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Updated: May 7


Suspension101 Shock Spring

Suspension101 Fork spring set

A motorcycle will not perform with improper spring rates and preload.

There are two parts to spring rate, the wire coil and the air in your fork that is compressed the closer you get to bottoming. This is called the air spring.

So lets learn about fork springs, shock springs, air springs and more!


The air spring is controlled by adjusting oil level, in turn adjusting how large or small the air chamber is. The oil level changes the air spring rate which has the most effect at the bottom 1/3 of the stroke.


When put on the spring rating machine, these springs have a very consistent or "linear" increase in rate as they are compressed.

For Example:

Compress the spring 10mm to 20mm and you get .50kg on the scale.

Compress the spring from 20mm to 30mm and you will still get .50kg on the scale.

This spring increases .50kg for every 10mm it is compressed, so with 20mm of compression you now have a total of 1.00kg of spring force.


Straight rate shock springs are used on rear linkage suspension, this is a good fit because the linkage firms up the stroke as the rear end compresses (unlike a PDS bike).

Straight rate fork springs are used on all bikes, in particular high quality or performance builds. The stroke is controlled with a combination of valving and springs.


These springs increase in rate as they compress.

For Example:

Compress the spring from 10mm to 20mm and the spring rate is .50kg.

Compress the spring 20mm to 30mm and you find the spring rate increases to .52kg.

So the first 10mm of compression was .50kg and the second .52kg, so with 20mm of compression you now have a total of 1.02kg of spring force.

As variable springs go deeper, the rate will continue to increase.


Variable rate shock Springs are most times used on PDS, non linkage bikes, due to their lack of rising rate. The PDS design does not ramp up firmness as it goes deeper into the stroke like a linkage bike does. So, to slow the rear down as you go deep into the stroke a variable rate spring is a fitting addition.

Variable rate fork Springs might be used for a budget, "DIY" build that you do not intend to improve the damping characteristics on to control of the forks.

Even some re-valves with insufficient valving may benefit from variable fork springs.

Variable rate fork springs are a bandaid but can be an improvement over stock performance.

Suspension101 does not use variable rate fork springs, we control fork performance properly with a balance of correct straight rate springs and customer adjustable valving, through use of the Gobblers, for a more linear fork action.

ADVENTURE BIKES benefit from variable rate shock springs even if it is a linkage bike. While the linkage does firm up as it goes deeper into the stroke, a 700lb bike with rider and gear makes the increase in ratio insufficient.

The Adventure motorcycles have the same shock sizes as the mini MX bikes! To bring these shocks to a dependable high level additional tools, like variable rate shock springs, have to be introduced.

So, what are the advantages of a variable rate shock spring on nearly all ADV bikes?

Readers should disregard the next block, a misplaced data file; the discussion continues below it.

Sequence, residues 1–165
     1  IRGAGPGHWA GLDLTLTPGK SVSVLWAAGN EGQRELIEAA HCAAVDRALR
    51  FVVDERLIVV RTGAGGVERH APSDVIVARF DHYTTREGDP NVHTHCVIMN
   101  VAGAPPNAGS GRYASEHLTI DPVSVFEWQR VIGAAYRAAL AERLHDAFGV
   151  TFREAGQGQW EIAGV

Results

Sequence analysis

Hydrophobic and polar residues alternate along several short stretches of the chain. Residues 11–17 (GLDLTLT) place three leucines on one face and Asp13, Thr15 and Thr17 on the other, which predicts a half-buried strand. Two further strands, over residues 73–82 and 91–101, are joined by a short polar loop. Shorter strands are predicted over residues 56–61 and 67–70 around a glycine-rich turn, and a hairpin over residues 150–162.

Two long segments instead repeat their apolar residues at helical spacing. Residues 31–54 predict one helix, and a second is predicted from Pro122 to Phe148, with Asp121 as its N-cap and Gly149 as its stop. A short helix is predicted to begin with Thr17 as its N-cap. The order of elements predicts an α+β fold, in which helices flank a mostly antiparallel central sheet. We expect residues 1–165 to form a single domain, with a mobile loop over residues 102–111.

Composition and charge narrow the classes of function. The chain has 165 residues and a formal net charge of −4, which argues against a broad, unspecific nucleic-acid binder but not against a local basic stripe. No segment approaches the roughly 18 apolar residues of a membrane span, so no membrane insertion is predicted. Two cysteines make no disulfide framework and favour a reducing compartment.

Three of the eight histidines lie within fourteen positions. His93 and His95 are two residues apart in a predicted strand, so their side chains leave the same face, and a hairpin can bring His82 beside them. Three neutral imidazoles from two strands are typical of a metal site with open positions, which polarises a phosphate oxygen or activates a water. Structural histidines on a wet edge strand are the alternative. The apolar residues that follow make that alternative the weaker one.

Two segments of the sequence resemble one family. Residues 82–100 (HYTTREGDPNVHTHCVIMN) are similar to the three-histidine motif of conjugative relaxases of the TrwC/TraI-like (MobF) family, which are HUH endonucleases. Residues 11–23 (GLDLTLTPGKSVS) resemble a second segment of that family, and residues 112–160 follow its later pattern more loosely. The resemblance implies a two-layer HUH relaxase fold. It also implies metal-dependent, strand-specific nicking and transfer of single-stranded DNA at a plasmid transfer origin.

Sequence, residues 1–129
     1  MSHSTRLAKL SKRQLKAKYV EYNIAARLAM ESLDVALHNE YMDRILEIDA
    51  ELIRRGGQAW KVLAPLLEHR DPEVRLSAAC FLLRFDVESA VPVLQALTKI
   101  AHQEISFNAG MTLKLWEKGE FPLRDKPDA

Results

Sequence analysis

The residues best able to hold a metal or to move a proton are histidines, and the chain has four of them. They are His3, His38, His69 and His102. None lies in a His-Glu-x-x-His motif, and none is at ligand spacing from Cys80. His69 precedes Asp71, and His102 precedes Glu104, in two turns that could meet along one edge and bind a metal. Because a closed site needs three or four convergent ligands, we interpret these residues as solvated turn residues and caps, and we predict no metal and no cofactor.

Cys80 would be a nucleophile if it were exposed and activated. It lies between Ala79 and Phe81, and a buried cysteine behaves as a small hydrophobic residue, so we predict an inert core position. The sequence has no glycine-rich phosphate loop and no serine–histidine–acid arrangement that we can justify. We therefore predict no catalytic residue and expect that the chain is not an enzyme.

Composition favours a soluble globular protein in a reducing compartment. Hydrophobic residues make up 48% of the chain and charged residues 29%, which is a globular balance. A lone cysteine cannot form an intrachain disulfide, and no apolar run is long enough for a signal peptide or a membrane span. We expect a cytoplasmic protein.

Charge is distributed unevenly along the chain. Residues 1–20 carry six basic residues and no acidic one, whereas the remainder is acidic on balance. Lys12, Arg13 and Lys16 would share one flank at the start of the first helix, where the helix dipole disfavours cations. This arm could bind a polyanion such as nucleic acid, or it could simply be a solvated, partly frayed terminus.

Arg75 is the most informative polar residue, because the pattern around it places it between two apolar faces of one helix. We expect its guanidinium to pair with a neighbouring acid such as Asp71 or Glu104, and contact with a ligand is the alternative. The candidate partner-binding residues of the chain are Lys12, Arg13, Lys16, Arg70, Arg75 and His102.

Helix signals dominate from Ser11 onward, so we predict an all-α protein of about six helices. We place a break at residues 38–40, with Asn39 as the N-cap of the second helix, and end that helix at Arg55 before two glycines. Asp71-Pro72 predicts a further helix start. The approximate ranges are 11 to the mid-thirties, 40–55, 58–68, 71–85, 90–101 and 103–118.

Reducing heat

A variable spring slows the shock down as it compresses reducing heat, making fluid last longer and your shock body last longer.


If you hit something unexpectedly the spring will assist the valving in keeping the rear from going too deep. Why is it bad when the rear goes too deep?

When the rear goes too deep into the stroke the spring energy will overpower the rebound valving and the rear will kick back rapidly. The Variable rate spring is a step in the right direction in alleviating this dangerous situation.

Surak the dog at Suspension101

Preload adjuster range

When you adjust for weight changes (saddle bags, tents, your fat passenger, or your dog Surak!) your preload adjuster will have more lift range due to the increase in rate as the spring is compressed. (See our article on sag to learn why you should change your preload in the first place).

Reduced cavitation

Some ADV bikes have shock seal failures because of cavitation. The variable spring will slow the shock down resulting in reduced cavitation. There are other helpful modifications to make these shocks more reliable and long lasting, and the variable spring is one part of that solution.


It is often good to make an extreme example to show a point.

Above we mention a straight rate spring that increases .50kg with each 10mm of preload.

If you have a total of 10mm of preload on the springs installed in your bike then the spring will give you just .50kg of resistance when you hit a bump.

In other words the spring will not allow the fork to move until you apply .50kg of force to the forks.

Now let’s preload the spring 250mm upon installation. Now the spring will give you a whopping 12.5kg of resistance! Keeping the fork from moving until you hit something really hard at high speed.

So if you hit a small rock at a moderate pace the fork may not move at all with 250mm of preload. Ouch!

A stiffer spring and light preload would be a much more comfortable ride everywhere, and be capable of high performance at race pace.

Racetech Variable rate shock spring


Some springs are called dual rate springs. A couple of the coils are very close to each other as you can see in the image on the left. This means that very early in the compression stroke the spring changes like a switch from light rate to full rate.

Eibach "variable rate" springs are much closer to dual rate springs.

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